With all of the issues surrounding HBO Max these days, the need to focus on quality over quantity could never be more true.
Thursday’s earnings call shows the direction of HBO Max and it’s not one of churning content out just to churn it out. There’s already way too much content out there. You’d be surprised how many people decide to skip the new stuff in lieu of rewatching their favorite programs again. While I don’t really have a problem with the quality over quantity approach, my problem is with their recent decisions to cancel titles that were already in post-production. If they didn’t think Batgirl fit into their streaming strategy, why not rework the film into a theatrical release? Between a Latina lead and a transgender character, this film would have been a proven winner at the box office. I can’t quite say the same for Scoob! Holiday Haunt though.
Is their overall strategy the right strategy? I can’t answer that. I find it perplexing that they are cutting across the board in family programming. Do families not watch streaming or are they just not watching at the preferred numbers? Something I stress time and time again is that numbers are everything. This is true for broadcast, cable, and streaming. If a series cannot get an audience, it’s as good as gone. With the amount of people who time shift, I always worry that the ratings won’t be enough to get a series renewed. NBC pushed La Brea so much during the Olympics last year that it piqued my interest. I was worried that it wouldn’t get a second season but thankfully, season 2 will arrive on September 27. With the amount of quality programs on streaming, broadcast networks must fight to get my attention.
This isn’t just limited to HBO Max. The same problem is happening with Netflix and their earnings and revenue have suffered in comparison. Both platforms are churning out a lot of content. The problem with this approach is that it leaves audiences with too much content to keep up with. It’s one thing to view it as content but at the end of the day, audiences need time to watch. I’m lucky that my job allows me to sit down and binge watch before the series launches on HBO Max, Peacock, etc. You cannot say the same about the average viewer. They have to wait each week for a new episode. Case in point: Hulu sent press the final episodes of Only Murders In The Building and the series is still in the middle of streaming its second season.
The Disney+ and Hulu approach is working. They are not at the level of churning out an absurd amount of content. Instead, the two Disney platforms are focusing on quality over quantity with their programming. If you regularly follow Solzy at the Movies, you know that I publish the streaming listings each month. However, Disney+ is the one platform that I do not do on a regular basis. Part of this is due to how little content they release each month. Moreover, after their August press announcement went out, they announced even more titles for the month of August. In one instance, they moved She-Hulk: Attorney at Law from Wednesday to Thursday. The move is also a great example of Disney realizing that She-Hulk should not conflict weekly with Andor.
For the most part, Disney+ is adding a number of library titles in August. There is not much to offer in In terms of new content. Marvel fans will get a documentary on the making of Ms. Marvel, I Am Groot, and weekly episodes of She-Hulk: Attorney at Law. The only other weekly series in August is High School: The Musical: The Series. Star Wars fans get a new special with LEGO Star Wars Summer Vacation. After Thursday’s episode of The Orville: New Horizons, all three seasons will be making their arrival on Disney+.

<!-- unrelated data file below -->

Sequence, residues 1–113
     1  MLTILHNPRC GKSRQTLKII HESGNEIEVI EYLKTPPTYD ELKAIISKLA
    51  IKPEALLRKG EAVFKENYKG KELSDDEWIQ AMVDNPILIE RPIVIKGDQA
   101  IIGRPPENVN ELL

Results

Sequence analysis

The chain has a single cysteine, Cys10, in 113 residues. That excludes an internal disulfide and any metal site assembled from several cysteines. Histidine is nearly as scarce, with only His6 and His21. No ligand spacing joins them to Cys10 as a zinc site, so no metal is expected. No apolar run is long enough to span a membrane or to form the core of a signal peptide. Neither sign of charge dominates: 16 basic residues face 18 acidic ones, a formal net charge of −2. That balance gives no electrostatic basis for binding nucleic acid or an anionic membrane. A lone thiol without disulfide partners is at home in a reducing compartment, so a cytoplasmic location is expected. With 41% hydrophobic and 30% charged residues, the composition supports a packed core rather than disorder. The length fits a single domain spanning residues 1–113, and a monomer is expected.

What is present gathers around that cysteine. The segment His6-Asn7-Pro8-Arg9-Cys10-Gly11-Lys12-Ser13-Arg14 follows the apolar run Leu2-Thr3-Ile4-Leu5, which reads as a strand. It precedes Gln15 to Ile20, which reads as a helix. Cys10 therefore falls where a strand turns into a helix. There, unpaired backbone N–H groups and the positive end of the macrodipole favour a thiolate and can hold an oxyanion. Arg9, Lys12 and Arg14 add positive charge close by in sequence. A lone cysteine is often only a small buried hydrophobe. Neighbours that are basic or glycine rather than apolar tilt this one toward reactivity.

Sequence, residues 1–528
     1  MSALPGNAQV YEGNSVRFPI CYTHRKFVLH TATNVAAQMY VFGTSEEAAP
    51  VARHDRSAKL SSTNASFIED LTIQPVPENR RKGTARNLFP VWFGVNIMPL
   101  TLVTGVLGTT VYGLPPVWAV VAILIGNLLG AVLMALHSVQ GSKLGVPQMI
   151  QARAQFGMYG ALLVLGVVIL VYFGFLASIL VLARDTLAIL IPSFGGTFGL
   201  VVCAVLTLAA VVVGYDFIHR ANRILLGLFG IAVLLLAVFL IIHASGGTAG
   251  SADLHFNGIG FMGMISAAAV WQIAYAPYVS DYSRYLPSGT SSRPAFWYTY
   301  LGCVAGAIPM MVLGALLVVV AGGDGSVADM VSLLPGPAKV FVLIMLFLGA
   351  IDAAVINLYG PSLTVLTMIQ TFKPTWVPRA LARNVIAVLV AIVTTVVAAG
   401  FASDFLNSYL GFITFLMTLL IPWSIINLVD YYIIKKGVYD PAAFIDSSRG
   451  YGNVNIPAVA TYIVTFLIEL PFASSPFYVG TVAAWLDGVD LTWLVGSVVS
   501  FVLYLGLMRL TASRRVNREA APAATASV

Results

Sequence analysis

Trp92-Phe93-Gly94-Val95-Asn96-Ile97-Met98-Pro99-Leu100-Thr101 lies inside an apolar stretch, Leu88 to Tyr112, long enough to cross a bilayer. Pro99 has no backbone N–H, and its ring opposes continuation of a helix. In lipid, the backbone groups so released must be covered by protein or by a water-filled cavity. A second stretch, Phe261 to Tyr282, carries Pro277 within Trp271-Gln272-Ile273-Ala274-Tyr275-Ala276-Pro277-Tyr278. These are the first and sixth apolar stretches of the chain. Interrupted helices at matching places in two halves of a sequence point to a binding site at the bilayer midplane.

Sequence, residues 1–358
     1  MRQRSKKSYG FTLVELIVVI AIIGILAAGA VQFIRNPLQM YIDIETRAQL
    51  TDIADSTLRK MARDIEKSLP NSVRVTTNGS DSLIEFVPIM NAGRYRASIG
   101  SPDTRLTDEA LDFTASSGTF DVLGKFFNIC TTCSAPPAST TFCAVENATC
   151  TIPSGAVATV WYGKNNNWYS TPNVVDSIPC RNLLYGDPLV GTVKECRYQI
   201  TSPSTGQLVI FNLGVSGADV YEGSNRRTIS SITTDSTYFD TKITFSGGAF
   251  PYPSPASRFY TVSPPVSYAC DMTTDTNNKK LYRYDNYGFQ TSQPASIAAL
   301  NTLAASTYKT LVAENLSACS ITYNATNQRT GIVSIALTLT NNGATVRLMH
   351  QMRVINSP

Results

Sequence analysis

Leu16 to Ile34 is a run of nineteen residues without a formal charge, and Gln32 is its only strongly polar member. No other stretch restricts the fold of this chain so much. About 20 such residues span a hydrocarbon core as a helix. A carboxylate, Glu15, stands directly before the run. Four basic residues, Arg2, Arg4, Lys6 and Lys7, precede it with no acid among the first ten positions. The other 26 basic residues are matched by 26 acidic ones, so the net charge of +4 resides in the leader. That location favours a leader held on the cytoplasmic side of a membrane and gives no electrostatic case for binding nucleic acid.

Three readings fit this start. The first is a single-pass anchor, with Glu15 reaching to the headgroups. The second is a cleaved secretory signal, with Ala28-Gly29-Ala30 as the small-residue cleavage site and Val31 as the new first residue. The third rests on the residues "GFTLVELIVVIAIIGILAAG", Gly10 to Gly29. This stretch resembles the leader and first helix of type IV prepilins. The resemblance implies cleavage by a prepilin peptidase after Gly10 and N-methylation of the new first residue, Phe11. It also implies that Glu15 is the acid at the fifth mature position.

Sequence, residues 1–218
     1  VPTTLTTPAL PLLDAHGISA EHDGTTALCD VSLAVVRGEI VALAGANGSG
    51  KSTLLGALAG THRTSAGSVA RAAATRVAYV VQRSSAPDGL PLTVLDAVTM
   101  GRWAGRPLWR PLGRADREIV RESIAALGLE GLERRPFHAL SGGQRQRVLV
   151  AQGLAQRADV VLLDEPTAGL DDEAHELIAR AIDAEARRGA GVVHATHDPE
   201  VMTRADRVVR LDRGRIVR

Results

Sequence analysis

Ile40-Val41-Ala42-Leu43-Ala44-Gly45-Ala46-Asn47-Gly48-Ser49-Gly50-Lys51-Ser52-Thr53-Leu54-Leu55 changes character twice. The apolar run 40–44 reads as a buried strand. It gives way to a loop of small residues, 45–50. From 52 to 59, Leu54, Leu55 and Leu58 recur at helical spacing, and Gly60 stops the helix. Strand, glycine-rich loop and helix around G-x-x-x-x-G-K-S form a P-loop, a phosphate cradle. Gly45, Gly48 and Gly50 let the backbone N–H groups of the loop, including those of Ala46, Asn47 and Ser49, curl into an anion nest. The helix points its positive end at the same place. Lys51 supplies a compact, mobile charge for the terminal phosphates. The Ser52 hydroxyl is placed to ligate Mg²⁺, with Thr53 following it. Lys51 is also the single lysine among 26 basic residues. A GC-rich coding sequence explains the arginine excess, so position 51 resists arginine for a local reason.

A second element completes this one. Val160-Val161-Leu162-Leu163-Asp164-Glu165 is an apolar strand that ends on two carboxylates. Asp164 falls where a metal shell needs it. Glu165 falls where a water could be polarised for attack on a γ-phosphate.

Like Disney+, Hulu is in a similar position. There are only five originals launching during the month of August. This doesn’t take into account the series launched in June or July. Only Murders will finish streaming its second season on August 23. The Orville just finished on August 4. We’ll see what September has to offer.
When I take a look at the Netflix listings and decide on which titles I want to cover, some titles feel like they would fit in just fine with the Lifetime or Hallmark brand. Reviews for films like Love Hard and Purple Hearts manage to bring in traffic but the same cannot be said for reviews of their blockbusters especially when critics pan them. It’s the smaller-budgeted films that struggle to generate reviews but certainly generate traffic. But still, it’s a major problem when Netflix releases films in theaters but decides to hold the embargo until closer to the streaming release. What this says to me is that they don’t really have confidence in their product. It is never a good sign when there are no press screeners available. Take that as what you will for Rise of the Teenage Mutant Ninja Turtles.
I could get into both Peacock and Paramount+ but there’s only so much time to have this discussion. Peacock is in an interesting position because not only are they releasing original films, series, and specials but they are also using the service to stream the sort of shows that one could watch on MSNBC. This is also in addition to providing streaming coverage of sports. The service only launched in 2020 but there’s certainly room for growth. Paramount+ is also growing subscribers. The streamer is the home of everything Star Trek. They also have original films that were made for or unloaded on Paramount+. And then finally, there’s Apple TV+ While the service is the exclusive home to the Oscar-winning CODA, they release a smaller number of series and films compared to the other services with new episodes usually dropping on Fridays.
All streamers should be focusing on quality over quantity. Don’t release content just for the sake of saying, hey, we have this for you to watch. Release it because it’s a program or film that has value.
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